NUE Explained: What Do You Do With a Bad NUE Score?

We’ve covered what an NUE score is, how to calculate yours, and how it can be used to improve farm finances and sustainability. But what are the first steps to take if your NUE score isn’t great?

With expertise provided by Zach Carlson, Agronomy Manager at Sound. 

What Is a Bad NUE Score?

As a rule, a lower NUE score is generally better because it represents a grower achieving more yield with less nutrient input. NUE will vary from farm to farm and field to field based on factors like soil characteristics, but how do you know when you should try and improve it?

Anything above 1.4 or even 1.2 should be evaluated,” says Zach Carlson, Agronomy Manager with Sound, adding that it’s not so much that the NUE score is bad” as it is unsustainable in the long term. With nitrogen prices still high and growing environmental concerns about volatilization and leaching, that kind of nitrogen to yield ratio is less than ideal.

What Causes a Bad NUE Score?

The first step to improving NUE is understanding what factors are having the biggest impact on efficiency. 

Soil characteristics such as organic matter content, pH and CEC may make it hard for soil to hold on to nutrients or create good mineralization, allowing applied nutrients to volatilize or leach out of the field. Weather can impact NUE as well, especially when paired with soils that struggle to hold on to nutrients. A particularly wet year can increase leaching and hot, windy conditions can increase volatilization. 

Sometimes with a high NUE score, it’s not necessarily that a grower is chasing high yields — it’s that they have to supply additional nitrogen because they can’t hold it in the soil,” says Zach. 

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The type of nitrogen fertilizer a grower uses can also increase environmental losses and impact a grower’s NUE score. Using the wrong type of nitrogen for your environment or soils could also be causing a high NUE.

Granular urea, as an example, is easy to apply, but is very unstable, especially in dry environments,” explains Zach. If it’s not transferred into the soil by moisture, it can sit there and volatilize really quickly.”

What To Do With a Bad NUE Score

Step one in addressing an unfavorable NUE score is identifying what is most impacting NUE; that will also be the key to unlocking strategies to improve efficiency. For example, if NUE is low because the soil isn’t holding enough of the nutrients the crop needs through the season, look at reducing nutrient loss and increasing the soil’s holding capacity. 

Growers should look at what kind of soil characteristics they have currently and see if there’s anything that they can do to increase organic matter, although it can take time to do so” says Zach. The higher the amount of organic matter in the soil, the more likely the soil can hold onto nutrients — not just N specifically, but nutrients as a whole.”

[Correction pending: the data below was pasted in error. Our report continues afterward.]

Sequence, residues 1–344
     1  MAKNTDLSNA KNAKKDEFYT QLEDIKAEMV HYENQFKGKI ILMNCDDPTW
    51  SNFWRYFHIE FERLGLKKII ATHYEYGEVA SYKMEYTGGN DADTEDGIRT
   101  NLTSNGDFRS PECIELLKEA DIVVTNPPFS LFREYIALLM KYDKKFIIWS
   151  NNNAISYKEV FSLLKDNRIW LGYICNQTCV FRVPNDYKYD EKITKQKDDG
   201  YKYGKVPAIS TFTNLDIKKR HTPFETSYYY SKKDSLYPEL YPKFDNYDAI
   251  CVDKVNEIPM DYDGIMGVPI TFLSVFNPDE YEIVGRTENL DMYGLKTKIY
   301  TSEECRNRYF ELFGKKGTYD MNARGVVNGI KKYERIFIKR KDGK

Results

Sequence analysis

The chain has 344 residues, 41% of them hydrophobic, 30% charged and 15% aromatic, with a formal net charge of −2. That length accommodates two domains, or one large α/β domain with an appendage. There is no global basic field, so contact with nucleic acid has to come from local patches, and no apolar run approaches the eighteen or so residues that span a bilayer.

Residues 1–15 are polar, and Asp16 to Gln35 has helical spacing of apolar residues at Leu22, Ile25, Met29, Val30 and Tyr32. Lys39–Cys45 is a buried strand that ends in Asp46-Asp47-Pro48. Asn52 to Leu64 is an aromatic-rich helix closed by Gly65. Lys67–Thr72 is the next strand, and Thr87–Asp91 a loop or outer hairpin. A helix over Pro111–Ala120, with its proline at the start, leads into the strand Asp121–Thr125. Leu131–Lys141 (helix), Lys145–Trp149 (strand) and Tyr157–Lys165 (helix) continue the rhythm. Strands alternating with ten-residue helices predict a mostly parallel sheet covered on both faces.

Whether a grower’s farm is irrigated or dry farmed will also impact how they might address a high NUE score; on an irrigated farm, growers should consider whether reducing the amount of water applied to their fields will prevent some leaching. Making sure you’re using the right tillage practices for your operation can also minimize nutrient loss to leaching or volatilization.

Growers may find additional opportunities to improve NUE by evaluating their cropping choices. Depending on a grower’s particular operational needs, practices like cereal-legume intercropping, crop rotation or selecting more nutrient-efficient crop species may help improve nutrient efficiency. Cover crops may also add organic matter to the soil, increasing nutrient holding capacity.

“Farming is a very personal thing, but growers need to understand that they can move away from that high NUE score,” says Zach. “Ultimately the goal is to make small changes to achieve big results.”

The Importance of Strip Tests

One of the most important things a grower can do for themselves is implement small scale strip tests, especially when looking to improve their NUE score. That way, growers can test a new practice or product with less risk. 

Growers can give themselves a foundation of knowledge for their own farm by doing different kinds of strip tests with different products and practices,” Zach recommends. Farming is a slow process — you get one chance every year. But if you’re doing strip tests, you can condense that time on a smaller scale to figure out what is actually working.” 

Zach says growers who are unsure if certain practices or products will yield results on their operation should put in place protocols that are specific to their operation to prove to themselves that they can reduce nitrogen application on their farm.

Farming is a very personal thing, but growers need to understand that they can move away from that high NUE score,” says Zach. Ultimately the goal is to make small changes to achieve big results.”

Read more in our NUE Explained series